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Tuesday, April 10, 2012

The Essential Pancreas

By John Starborgson

The pancreas is an often forgotten organ. Most people can easily go weeks, months or even decades without thinking of their pancreas even one time. Nestled deep in the abdominal cavity, the pancreas performs its functions automatically, with no voluntary input. Because the pancreas is such a behind-the-scenes type of organ, problems (such as cancer) that arise are often not noticed until it is too late. Catching these problems early is often accomplished by accident, when in a routine surgery or other operation. Clinical trials are underway to increase the likelihood of catching cancer and other pancreatic problems early.

The pancreas forms from two lobes in the abdomen of human embryo. The ventral lobe splits into what will ultimately become the liver, gall bladder and half of the pancreas. The dorsal lobe and the ventral lobe grow together and form one organ, the pancreas. But, because of the two very different parts of the organ, the pancreas has two distinct functions.

One purpose of the pancreas deals with the digestive system, while the other function is related to hormones including glucagon and insulin. As related to the digestive system, the pancreas secretes enzymes directly into the colon. When combined with bile from the liver, these enzymes breakdown fats from long chains into smaller molecules that can be absorbed and digested. This is often referred to as the exocrine function of the pancreas.

The endocrine function of the pancreas involves secreting hormones into the bloodstream. These hormones, insulin and glucagon, regulate blood sugar. At rest, the human body requires a constant supply of sugars, but receives an intermittent supply. Without the pancreas, blood sugar would spike after a meal, as sugars are absorbed, and gradually dwindle to almost nothing as the body uses it. Also, increased activity levels would only be possible immediately after a meal, and would be next to impossible if a person was hungry. Obviously that is not practical, and the body has developed so that energy is available in usable amounts at all times, mostly regardless of when the last meal was eaten.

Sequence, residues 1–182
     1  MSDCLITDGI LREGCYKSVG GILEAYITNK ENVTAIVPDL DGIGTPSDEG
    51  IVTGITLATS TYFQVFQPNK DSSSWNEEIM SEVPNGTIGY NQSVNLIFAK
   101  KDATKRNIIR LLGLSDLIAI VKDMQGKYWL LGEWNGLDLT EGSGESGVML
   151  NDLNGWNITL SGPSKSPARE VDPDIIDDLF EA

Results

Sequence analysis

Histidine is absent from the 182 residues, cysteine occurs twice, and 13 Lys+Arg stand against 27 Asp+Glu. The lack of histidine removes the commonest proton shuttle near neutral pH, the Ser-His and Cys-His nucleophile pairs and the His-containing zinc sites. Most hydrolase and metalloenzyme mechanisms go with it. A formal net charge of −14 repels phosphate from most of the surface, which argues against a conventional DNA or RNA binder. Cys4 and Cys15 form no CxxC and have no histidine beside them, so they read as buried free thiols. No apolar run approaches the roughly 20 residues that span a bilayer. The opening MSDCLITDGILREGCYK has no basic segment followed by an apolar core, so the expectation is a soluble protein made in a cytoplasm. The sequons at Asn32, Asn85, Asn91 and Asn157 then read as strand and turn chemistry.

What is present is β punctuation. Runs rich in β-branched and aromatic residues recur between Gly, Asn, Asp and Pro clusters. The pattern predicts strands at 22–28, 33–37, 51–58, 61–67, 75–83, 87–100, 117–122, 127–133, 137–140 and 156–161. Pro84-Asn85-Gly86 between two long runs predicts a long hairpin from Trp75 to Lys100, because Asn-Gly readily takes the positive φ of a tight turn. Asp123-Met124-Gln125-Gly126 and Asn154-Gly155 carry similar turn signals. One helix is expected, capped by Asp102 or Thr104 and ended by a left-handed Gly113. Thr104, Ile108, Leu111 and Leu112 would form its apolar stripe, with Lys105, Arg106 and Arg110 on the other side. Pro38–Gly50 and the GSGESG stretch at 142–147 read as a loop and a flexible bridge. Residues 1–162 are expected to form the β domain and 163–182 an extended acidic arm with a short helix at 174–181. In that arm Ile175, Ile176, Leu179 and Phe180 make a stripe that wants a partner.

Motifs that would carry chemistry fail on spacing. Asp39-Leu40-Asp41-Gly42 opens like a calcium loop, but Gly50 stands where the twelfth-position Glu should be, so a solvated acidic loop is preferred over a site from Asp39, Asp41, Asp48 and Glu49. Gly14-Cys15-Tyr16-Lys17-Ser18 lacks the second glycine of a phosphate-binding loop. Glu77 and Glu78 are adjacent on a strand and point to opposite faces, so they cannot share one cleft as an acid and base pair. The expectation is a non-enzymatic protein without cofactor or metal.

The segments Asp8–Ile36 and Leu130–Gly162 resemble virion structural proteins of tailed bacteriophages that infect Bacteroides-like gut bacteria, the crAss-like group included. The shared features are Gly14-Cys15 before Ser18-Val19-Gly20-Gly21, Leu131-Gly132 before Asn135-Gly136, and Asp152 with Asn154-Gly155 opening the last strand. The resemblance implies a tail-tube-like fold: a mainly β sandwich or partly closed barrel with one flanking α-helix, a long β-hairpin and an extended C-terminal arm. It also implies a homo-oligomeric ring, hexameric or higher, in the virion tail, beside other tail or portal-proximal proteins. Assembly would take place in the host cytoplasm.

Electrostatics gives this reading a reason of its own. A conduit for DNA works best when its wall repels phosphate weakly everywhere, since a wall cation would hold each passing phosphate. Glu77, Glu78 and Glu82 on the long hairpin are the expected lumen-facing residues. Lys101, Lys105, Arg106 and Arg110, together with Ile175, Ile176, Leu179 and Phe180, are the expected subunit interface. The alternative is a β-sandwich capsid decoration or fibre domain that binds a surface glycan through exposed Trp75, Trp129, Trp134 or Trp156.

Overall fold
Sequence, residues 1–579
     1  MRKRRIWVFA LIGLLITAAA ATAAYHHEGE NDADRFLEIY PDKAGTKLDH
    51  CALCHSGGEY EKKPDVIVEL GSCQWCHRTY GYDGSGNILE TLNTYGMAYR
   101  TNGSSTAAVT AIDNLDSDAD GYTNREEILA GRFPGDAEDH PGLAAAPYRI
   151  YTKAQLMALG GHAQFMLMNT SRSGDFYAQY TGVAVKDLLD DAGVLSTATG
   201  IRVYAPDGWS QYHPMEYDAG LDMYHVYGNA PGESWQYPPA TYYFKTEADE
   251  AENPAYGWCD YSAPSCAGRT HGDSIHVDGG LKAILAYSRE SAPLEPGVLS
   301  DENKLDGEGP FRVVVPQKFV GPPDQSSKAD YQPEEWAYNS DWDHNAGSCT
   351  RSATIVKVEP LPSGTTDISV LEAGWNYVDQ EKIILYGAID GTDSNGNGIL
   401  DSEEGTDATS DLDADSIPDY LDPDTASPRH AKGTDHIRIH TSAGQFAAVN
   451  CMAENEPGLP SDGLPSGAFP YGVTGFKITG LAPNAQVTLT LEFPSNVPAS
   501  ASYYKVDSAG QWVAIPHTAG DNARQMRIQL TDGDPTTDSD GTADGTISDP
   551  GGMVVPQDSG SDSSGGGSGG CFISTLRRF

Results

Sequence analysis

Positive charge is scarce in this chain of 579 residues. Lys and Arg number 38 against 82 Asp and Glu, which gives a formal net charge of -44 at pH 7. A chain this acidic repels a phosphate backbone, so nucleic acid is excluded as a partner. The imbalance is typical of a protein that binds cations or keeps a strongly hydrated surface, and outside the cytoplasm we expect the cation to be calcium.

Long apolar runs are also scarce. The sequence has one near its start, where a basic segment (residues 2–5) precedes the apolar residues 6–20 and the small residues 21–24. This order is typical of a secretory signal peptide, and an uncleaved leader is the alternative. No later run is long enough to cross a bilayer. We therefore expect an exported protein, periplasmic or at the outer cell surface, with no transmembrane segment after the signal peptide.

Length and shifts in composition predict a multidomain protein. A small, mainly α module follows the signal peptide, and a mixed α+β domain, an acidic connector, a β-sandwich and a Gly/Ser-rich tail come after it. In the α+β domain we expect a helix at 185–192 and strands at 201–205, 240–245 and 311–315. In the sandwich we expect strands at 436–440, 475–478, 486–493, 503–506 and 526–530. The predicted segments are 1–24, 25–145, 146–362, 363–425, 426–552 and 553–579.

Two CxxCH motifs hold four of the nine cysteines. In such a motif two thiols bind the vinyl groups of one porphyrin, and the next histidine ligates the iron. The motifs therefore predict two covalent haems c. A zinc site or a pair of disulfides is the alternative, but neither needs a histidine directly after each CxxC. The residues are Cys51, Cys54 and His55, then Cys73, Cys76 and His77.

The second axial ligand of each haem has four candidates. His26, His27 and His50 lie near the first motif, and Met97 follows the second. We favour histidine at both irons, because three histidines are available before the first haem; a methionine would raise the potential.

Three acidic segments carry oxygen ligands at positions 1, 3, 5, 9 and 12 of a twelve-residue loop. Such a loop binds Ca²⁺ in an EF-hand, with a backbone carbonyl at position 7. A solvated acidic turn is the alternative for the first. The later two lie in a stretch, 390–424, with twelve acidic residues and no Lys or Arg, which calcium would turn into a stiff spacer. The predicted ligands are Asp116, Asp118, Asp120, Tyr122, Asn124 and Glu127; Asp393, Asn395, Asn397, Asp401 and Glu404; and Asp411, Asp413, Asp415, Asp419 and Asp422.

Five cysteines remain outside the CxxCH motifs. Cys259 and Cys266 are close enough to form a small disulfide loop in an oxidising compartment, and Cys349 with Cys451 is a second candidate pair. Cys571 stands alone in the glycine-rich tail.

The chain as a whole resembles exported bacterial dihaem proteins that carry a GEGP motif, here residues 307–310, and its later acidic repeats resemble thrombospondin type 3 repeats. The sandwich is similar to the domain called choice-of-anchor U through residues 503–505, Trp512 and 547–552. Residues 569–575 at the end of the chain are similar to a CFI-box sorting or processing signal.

Insulin forces the muscles, liver and other tissues to take up glucose, lowering blood sugar, while glucagon does the opposite. Depending on the type, diabetics either have a deficiency in producing insulin, or have a reduced effect of insulin on the organs of the body.

Cancer of the pancreas is often very severe for two main reasons. One is that there is only one pancreas, which performs multiple functions. Contrast that with the kidneys (which exist in a semi-redundant pair), or the liver (which can be partially removed and still function). Furthermore, a failing pancreas results in starvation of the rest of the organs, since a lack of insulin results in an inability to use sugar in the blood. The brain in particular cannot tolerate a drop in blood sugar.

The second reason for the frequent severity of pancreatic cancer or other failure is the deep placement and quiet operation within the human body.
Organs such as the heart are absolutely essential for life, but a failing heart is usually a highly traumatic event. A heart can be easily monitored by an ECG, stethoscope, or simply feeling the beat from the outside. By contrast, the pancreas cannot be monitored well, and a failing pancreas is often only noticed by observing the catastrophic failure of other organs. Furthermore, indications of pancreatic failure are often attributed to other organs first.

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